Not that we are taken with wild stories or anything, but this one is a quite a read. One of the App Store’s most respected devs, Joe Hewitt has quit the App Store because of Apple’s horrid review policies. His App Store claim to fame is the hugely popular Facebook app which has gone through numerous updates and is considered by many to be one of the most elegant apps out there. Love or hate the app, the man behind incessant friend updates is gone. You can read all about it at TechCrunch. But there is more…
Believe it or not, the iPhone isn’t yet international, at least not as quantified by the boundaries of 3G networks. Even in Canada –and for a variety of reasons including Bell’s CDMA network– the iPhone has been stuck with Robbers Rogers and garnered an unfair evaluation as expensive. Well, 5 November, things changed with Bell’s launch, if only a little. Not only has the tyranny of one been dropped from Canada (and ostensibly soon in the States) with the entry of a Bell-Telus partnership, but the next iPhone (don’t we love to hear about it?) may carry a multilingual Qualcomm 3G chip which will allow the spread of Jesus to all corners of the globe.
Federico Mauro, a famous Italian designer, had a bit of spare time on his hands and, apparently being a fan of the “Jesus” phone, has decided to share his view on how the iPhone could look. We, in turn, could not pass this opportunity to share it with you, our cherished readers.
More after the gap…
Clothed in shiny, shiny metal and what looks like glass, this story’s hero rides interesting shirttails. China, strapped for land, imposed a one-child policy in the year of our Lord, 1979 to clamp down on the teemingly overwhelming life in its country. Thirty years later, the same nation is amuck with clones and clones of clones. Factories upon factories birth product after product which look and smell like like they came from companies who sweated and scratched businesses together. But they are not. Our hero, the APhone, looks like an iPod touch or an iPhone, but carries Google’s Android in its loins; and strangely enough, its nomenclature is reminiscent of products from the infamous clone manufacturer, Meizu. One Child, many clones – ride the technological wave, China.
Itsy bitsy controls meets static platformer meets Dr. Strangelove. I’m sure that the finer details are being swept aside in favour of a cleverly pithy lead-in but, tosh, who cares. Alice in Bomberland (AiB) really is all those things, and for fans of literature and comic gaming, there is probably no weirder, better choice. Well, almost….
Reviewing and critiquing movies from as young as 18, Leonard Maltin has had numerous books published as well as an almost 30 year long career on television with Entertainment Weekly. Most recently, his renowned “Leonard Maltin’s Movie Guide” has made it onto the iPlatform. Thanks to developers MobileAge, “the 2300 page Godzilla of movie references” is now even more accessible to anyone, anywhere, anytime.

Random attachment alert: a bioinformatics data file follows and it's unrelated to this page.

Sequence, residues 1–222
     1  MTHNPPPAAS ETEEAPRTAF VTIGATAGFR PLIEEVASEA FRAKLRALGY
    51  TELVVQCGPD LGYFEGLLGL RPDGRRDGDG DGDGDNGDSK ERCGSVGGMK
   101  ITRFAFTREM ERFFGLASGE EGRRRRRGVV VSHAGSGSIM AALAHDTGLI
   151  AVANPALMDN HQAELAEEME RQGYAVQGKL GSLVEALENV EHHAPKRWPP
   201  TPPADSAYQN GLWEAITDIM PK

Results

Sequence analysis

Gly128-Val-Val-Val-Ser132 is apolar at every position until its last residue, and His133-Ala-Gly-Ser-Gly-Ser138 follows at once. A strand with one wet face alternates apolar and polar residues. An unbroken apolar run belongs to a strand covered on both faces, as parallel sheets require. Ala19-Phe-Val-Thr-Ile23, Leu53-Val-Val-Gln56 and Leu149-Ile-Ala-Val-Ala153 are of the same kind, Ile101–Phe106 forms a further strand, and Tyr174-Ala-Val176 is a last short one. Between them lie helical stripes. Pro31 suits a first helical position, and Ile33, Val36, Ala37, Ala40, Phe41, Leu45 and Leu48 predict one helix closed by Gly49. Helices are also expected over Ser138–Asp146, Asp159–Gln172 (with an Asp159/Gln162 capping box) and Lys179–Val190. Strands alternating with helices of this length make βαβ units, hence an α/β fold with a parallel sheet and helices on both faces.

Chillingo’s sequel to the popular Return to Mysterious Island adventure game made a surprise debut at the App Store, surprising both Chillingo and reviewers alike. But, Apple’s wonky schedule aside, gamers are enjoying leading Mina back to the island on another life-or-death quest. One thing noted in the Return to Mysterious Island review is that the game is both immense and difficult, leading to the official Tetraedge walkthrough. Both aspects lend themselves to excellent adventure gaming, but users need a break. Well, TMA have been given one to pass on to you. The below link will direct you to the spoils of a walkthrough of Secrets of Mysterious Island.
Be sure to also check out TMA’s review of Jules Verne’s Secrets of the Mysterious Island.
Face it, each and every one of you has wanted to annoy your neighbours with songs from your teeny-bopping iTunes collection. Imagine: Oprah soundboards, talk-show clips, John Denver singing about farm life: each available for every call at the behest of your phone’s over-amped speakers. There are a couple of simple and legal methods to do this without purchasing additional ringtones. But if you are lazy and filthy rich, Sony have something to help you unload your unneeded dosh.
Follow the gap for the how to and 3rd-party links:
The same Sony who conceded the portable music market to Apple et al., and later lost the proprietary music wars to the same group, are exercising a Sega-esque about-face. For nigh on 13 quid, you can scoop up 1000 ring tones for your iPhone from the makers of the original root-kit virus and annoy your friends, family, and fellow bus-queuers in one go! Sony have this to say for their new shceme:
From Hollywood sound effects to great music clips to a wide variety of spoken ringtones, you’re sure to find just the right sounds to fit your style. 1,000 Ringtones for your iPhone—there’s no better, cheaper, or faster way to get great ringtones on your iPhone.
Well, it’s official, the iPhone and CNET UK have taken a sudden turn for the ill. The god-like tech site digs the apps, but a few games here, and a couple of good references there aren’t enough to sway the lumbering giant into its prior, amorous love. Accordingly, there is little to like in a phone which:
- drops calls
- loses data
- has horrible call quality
- doesn’t ring
- can’t sustain good battery life
The article is a good, long read and rant about why Apple’s phone ain’t the Messiah we are led to believe. As always though, the comments are the best part – users rave about how good or bad the phone is, CNET are; about how another user couldn’t pass her a-levels, etc.; but my favourite is by user Flora (after the gap):